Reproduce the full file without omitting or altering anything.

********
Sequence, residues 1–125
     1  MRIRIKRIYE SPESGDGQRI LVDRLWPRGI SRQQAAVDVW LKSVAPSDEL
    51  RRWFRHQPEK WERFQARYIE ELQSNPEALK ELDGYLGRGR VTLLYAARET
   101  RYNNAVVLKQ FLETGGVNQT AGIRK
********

Sequence, residues 1–125
     1  MRIRIKRIYE SPESGDGQRI LVDRLWPRGI SRQQAAVDVW LKSVAPSDEL
    51  RRWFRHQPEK WERFQARYIE ELQSNPEALK ELDGYLGRGR VTLLYAARET
   101  RYNNAVVLKQ FLETGGVNQT AGIRK